Felipe Montoro Jens works as the Chief Executive Officer of Energipar Captação S.A. and the Chairman of Concessionária do Centro Administrativo do Distrito Federal S.A. He also served as a Director of Braskem S.A., Concesionaria Trasvase Olmos S.A and Santo Antônio Energia S.A.
He attended Getulio Vargas Foundation where he received his undergraduate degree. He later went to the Thunderbird School of Global Management and received a graduate degree.
The History of the Privatization Process
Brazil is seen as a strong state which heightened in the 20th century. The privatization process in Brazil was as a result of external debt catastrophe. For Brazil to develop its infrastructure sector, it needed the private sector to participate, and this led to privatization process that that would allow Brazil meet the demand for investments necessary for infrastructure.
In April 1990, the government included privatization as part of the economic reforms when they established the National Privatization Program. Due to this, petrochemical companies and others like steel and aeronautical sectors were also privatized. The government gave primacy to privatizations in the transportation sector, electric, sanitation, sale of state banks and telecommunications. The Public Private Partnerships Act (PPPs) was approved in 2004.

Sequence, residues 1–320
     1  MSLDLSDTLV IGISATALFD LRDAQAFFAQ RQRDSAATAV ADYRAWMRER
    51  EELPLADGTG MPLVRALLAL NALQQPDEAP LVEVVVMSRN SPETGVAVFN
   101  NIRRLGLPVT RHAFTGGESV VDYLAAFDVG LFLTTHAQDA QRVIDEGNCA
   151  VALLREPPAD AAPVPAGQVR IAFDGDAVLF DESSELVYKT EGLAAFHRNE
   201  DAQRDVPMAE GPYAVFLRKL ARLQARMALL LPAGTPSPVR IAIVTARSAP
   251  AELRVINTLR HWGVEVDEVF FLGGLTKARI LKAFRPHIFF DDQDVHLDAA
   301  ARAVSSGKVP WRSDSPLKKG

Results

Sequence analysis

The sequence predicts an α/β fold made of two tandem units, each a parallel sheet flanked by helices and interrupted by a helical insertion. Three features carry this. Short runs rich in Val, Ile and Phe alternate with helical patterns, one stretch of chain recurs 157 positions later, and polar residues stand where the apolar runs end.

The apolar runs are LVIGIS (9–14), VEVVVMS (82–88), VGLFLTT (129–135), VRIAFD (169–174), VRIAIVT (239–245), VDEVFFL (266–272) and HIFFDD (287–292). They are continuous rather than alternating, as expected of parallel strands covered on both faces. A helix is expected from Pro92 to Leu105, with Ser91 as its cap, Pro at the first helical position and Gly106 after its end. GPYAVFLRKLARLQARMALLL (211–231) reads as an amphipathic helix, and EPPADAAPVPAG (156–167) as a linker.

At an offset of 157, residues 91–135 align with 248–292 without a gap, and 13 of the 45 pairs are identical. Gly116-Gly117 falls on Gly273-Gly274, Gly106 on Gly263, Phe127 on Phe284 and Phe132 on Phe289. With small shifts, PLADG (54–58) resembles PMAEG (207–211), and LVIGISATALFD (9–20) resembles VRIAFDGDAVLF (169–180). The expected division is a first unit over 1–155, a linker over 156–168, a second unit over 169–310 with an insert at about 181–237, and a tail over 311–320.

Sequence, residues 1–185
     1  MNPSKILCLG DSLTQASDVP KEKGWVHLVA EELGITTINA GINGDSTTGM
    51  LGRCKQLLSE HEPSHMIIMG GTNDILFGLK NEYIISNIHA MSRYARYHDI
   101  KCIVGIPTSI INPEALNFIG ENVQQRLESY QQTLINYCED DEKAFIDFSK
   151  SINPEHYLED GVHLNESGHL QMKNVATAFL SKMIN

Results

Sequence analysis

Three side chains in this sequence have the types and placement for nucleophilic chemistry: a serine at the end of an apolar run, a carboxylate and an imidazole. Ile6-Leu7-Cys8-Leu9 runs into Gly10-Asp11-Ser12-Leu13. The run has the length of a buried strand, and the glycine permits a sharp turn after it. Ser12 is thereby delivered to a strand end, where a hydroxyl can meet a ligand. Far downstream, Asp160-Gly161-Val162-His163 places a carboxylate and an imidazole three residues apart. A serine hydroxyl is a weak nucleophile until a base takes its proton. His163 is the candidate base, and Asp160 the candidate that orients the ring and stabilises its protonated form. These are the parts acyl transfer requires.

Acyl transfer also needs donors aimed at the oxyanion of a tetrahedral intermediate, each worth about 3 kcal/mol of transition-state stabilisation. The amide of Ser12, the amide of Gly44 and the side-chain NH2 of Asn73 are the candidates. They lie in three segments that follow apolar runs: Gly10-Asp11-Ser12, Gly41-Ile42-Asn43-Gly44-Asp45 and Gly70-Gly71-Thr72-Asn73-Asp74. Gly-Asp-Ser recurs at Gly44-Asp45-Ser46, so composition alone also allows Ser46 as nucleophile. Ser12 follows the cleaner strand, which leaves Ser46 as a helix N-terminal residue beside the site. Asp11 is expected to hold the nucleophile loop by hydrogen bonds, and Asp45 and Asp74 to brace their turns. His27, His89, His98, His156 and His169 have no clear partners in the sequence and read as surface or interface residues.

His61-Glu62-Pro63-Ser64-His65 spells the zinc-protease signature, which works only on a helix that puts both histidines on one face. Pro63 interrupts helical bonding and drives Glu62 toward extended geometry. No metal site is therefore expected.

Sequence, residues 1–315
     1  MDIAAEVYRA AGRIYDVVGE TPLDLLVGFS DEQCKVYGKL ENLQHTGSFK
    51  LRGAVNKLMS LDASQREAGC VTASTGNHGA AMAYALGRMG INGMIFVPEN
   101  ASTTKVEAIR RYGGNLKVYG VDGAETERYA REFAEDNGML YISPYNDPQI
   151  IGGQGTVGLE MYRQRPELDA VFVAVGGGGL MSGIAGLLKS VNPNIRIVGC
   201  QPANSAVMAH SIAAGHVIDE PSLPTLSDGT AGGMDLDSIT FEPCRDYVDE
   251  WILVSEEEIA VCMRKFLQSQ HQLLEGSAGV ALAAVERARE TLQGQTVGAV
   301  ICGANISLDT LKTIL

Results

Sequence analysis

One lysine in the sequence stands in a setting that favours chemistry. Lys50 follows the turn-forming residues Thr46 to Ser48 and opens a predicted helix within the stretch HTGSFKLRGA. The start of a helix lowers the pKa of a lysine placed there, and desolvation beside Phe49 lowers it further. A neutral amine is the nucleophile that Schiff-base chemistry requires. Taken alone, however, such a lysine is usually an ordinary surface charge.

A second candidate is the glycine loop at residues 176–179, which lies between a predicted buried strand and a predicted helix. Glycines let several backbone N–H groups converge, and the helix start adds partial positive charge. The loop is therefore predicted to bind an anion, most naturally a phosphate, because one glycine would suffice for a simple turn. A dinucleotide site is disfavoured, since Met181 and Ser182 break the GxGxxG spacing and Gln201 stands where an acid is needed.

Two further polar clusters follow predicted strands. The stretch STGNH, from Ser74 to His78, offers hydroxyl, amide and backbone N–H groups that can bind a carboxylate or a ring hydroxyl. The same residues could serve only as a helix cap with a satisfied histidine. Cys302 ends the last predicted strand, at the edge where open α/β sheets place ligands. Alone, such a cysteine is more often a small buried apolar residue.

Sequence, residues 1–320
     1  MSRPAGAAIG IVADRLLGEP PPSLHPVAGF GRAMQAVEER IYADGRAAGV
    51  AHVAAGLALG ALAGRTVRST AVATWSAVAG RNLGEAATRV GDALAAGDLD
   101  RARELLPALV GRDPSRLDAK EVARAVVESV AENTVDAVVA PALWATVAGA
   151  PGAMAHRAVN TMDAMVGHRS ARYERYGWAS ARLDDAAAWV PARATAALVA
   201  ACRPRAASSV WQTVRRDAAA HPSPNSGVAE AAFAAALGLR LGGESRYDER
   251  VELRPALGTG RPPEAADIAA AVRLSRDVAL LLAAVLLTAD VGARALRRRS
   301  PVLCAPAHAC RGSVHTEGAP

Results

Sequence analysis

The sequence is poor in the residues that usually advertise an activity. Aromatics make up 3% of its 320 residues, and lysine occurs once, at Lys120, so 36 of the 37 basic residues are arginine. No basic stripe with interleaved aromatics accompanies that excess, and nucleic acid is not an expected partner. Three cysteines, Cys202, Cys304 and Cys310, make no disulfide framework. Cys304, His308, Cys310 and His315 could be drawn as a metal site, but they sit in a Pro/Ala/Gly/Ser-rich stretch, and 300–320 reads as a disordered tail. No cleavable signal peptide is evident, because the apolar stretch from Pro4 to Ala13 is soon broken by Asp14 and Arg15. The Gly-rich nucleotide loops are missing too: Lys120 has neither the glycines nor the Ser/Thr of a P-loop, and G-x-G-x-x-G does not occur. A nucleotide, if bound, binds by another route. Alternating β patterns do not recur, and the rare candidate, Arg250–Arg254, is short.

Telecommunication sector was the first to be managed by private agents. The specialist in Infrastructure Projects, Felipe Montoro Jens, states that the General Telecommunications Law established in 1997 instructs the government is responsible for only regulation but not for the provision of services in the sector.
An independent agency, the National Telecommunications Agency (ANATEL), was created to oversee the regulation of the sector. A competitive environment resulted when ANATEL was given the role of determining the tariffs which were previously done by the Ministry of Communications.
Mr. Montoro explains that to prevent the return to monopoly, the government improved the productivity of Telebras by dividing it into 12 holding companies with each participant allowed to buy only one holding. This auction is what successfully changed the telecommunication sector.
The consolidation of a governing agency before opening to private capital was what led to the success of the privatization process since it created standards that the new companies followed creating efficiency and competition.